FALLS CITY — The city of Falls City took a practical approach to dealing with legal marijuana and the possibility a dispensary opening.
The Falls City City Council decided to do nothing Thursday night at its meeting.
Most councilors wouldn’t support a dispensary opening, but by not moving to ban marijuana, the city will be able to receive tax revenue from sales of the drug.
If the council put the issue before voters in 2016 — the only legal way to ban marijuana — it would lose tax money for that year. The council decided not to risk that on the slim chance a shop would open in Falls City.
“I don’t see a dispensary coming in here because we are the end of the road,” said Mayor Terry Ungricht.
Councilor Tony Meier said after talking with dispensary operators in other cities, he agreed the chances are low that someone would want to open a dispensary.
“The cost of putting one in is prohibitive,” he said.
Ungricht said House Bill 3400, the legislation administering marijuana, offers two options for banning the drug. The first applies to cities in counties that voted at 55 percent or higher against allowing recreational marijuana.That doesn’t include Polk County, which voted against Measure 91 at a 52.25 percent rate.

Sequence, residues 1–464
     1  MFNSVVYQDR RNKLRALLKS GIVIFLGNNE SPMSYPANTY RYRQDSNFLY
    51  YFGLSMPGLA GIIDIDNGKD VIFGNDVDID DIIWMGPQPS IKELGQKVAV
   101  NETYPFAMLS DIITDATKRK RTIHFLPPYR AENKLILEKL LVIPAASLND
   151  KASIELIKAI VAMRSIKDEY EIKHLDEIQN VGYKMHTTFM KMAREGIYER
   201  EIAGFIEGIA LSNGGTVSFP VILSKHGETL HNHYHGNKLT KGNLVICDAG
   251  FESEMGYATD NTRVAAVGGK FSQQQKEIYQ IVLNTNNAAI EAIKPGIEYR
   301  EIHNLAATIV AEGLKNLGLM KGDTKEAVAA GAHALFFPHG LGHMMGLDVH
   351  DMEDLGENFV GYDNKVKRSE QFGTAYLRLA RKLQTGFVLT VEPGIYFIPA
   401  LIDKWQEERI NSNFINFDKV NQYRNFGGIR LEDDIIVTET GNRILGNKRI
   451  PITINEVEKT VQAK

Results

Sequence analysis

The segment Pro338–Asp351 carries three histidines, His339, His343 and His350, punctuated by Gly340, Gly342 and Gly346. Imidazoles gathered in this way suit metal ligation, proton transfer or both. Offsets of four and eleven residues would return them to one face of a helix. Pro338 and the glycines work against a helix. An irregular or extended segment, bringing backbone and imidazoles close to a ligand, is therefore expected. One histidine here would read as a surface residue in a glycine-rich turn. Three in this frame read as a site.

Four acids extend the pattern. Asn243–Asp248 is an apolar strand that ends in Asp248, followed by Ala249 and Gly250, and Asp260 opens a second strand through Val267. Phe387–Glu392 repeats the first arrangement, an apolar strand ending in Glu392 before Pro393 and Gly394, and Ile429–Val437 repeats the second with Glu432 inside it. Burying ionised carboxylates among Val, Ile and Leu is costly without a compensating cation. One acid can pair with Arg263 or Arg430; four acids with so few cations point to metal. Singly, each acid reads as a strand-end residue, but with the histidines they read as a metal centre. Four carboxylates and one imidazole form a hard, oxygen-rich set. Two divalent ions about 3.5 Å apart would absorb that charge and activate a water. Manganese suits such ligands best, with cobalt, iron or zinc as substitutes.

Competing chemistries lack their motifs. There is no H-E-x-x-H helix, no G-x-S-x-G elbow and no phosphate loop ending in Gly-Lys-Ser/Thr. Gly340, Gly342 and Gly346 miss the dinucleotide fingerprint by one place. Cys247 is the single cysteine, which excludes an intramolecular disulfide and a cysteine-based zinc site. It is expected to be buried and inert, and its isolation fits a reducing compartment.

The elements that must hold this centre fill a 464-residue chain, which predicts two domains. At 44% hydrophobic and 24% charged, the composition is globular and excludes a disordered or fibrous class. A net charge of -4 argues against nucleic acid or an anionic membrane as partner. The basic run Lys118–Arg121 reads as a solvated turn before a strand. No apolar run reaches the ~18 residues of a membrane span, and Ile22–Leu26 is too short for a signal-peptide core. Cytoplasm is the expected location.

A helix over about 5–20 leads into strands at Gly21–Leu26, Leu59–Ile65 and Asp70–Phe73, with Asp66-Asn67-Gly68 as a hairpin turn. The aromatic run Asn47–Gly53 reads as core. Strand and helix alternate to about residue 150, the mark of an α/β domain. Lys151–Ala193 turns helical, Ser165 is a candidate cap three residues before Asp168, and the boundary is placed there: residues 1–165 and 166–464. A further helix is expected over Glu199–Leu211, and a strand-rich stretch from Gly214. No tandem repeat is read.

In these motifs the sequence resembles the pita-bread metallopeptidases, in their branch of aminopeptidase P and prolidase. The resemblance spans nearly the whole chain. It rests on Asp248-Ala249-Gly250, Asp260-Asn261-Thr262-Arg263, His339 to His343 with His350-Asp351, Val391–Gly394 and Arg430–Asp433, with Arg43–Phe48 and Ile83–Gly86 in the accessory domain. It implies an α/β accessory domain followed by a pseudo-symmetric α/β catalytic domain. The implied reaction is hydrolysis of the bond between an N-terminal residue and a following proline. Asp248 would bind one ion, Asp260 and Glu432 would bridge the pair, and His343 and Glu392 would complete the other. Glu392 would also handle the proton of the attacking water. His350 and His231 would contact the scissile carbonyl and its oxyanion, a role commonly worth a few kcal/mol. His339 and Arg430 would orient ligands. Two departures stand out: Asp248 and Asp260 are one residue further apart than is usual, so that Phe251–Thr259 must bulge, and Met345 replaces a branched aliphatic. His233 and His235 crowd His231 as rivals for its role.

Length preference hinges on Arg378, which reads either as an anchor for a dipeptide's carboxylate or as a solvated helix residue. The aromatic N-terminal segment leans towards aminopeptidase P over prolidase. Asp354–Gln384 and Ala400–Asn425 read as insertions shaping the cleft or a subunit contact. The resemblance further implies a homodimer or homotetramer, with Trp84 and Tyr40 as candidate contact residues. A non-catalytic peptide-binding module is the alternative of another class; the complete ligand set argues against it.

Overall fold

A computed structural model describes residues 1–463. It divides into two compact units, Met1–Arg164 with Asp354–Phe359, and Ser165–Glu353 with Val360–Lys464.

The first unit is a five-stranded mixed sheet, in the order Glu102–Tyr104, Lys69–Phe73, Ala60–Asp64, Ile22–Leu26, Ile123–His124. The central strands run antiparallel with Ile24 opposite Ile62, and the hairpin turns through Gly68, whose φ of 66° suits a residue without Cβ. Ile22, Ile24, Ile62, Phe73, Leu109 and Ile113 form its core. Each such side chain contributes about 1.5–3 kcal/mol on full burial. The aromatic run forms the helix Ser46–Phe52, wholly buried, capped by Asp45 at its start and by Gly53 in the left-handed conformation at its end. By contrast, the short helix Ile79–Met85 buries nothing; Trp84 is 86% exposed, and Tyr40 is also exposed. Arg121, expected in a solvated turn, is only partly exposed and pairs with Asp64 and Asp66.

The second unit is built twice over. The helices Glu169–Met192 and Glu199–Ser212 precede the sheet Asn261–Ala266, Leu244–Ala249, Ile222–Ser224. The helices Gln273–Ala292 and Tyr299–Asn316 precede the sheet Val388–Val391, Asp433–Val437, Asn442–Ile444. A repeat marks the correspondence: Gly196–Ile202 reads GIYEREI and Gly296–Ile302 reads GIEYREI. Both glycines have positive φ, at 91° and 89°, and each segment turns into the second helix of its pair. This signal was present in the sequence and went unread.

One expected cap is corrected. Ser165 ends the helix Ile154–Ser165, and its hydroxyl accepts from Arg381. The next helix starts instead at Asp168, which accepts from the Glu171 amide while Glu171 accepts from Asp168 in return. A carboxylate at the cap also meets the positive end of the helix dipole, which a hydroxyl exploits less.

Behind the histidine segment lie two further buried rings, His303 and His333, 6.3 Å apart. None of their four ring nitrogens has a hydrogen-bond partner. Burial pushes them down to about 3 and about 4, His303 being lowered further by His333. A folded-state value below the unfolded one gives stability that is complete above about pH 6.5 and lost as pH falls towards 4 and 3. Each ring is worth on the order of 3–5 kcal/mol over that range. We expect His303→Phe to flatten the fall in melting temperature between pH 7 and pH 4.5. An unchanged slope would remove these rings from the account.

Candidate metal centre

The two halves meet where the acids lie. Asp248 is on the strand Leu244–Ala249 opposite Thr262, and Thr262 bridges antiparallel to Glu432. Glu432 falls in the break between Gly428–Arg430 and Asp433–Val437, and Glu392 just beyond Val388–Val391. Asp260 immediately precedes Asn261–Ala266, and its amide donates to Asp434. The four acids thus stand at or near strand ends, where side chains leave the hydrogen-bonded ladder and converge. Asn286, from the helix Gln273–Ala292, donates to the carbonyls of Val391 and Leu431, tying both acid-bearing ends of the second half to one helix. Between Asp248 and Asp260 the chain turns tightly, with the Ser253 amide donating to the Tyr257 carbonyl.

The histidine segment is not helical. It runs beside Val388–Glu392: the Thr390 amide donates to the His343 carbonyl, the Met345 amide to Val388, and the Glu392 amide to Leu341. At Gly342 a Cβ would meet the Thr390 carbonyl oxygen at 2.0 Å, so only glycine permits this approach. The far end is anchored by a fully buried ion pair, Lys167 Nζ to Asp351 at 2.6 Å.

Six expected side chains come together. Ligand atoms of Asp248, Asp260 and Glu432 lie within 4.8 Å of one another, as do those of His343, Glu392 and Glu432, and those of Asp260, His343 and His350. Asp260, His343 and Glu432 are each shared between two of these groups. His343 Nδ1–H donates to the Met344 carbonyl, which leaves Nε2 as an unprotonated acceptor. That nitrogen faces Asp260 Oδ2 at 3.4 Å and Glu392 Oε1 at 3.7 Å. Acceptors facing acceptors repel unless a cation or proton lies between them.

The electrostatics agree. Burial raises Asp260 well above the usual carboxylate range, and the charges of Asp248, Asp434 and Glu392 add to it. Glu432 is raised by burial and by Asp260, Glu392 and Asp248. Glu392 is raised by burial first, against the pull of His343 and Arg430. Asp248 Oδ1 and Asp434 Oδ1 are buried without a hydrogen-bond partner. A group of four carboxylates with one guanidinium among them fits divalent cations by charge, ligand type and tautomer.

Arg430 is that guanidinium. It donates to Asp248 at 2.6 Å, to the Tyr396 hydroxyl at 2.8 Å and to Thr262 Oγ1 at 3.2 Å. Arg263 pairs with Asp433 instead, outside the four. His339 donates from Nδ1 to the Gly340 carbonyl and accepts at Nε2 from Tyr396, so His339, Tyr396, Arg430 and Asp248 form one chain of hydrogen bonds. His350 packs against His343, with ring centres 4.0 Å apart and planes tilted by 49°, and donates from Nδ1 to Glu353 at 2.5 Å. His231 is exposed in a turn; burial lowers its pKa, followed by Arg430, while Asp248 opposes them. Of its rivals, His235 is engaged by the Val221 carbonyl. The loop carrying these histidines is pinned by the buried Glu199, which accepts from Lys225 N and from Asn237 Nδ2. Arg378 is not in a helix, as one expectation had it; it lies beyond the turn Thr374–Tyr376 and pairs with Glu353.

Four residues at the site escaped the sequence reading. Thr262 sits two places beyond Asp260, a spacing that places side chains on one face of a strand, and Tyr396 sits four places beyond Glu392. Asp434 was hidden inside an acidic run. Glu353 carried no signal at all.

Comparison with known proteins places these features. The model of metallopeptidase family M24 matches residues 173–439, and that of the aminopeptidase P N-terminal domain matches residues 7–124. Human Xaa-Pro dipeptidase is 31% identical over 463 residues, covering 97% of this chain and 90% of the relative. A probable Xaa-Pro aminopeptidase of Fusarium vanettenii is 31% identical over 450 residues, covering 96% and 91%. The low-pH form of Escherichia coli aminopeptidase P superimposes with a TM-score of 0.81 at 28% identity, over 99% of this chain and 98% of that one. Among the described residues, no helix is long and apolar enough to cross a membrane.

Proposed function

That leaves only giving voters the final say on a ban. In Falls City’s precinct, the vote was 58.2 percent in favor of legalization.
Ungricht offered four options for the city to proceed: following state law; sending the issue to voters; using zoning and development codes to limit where operations can be located; or using provisions within the city development code to ban marijuana, a move that the city’s attorney said could result in lawsuits.
Councilor Dennis Sickles proposed a different option: taking no action. By doing that, the city would receive tax revenue and wouldn’t have to cast a vote in favor of marijuana, he said.
“If we do nothing, then we are following state law, then that’s what I think we do,” Sickles said. “Because I’m not voting for it.”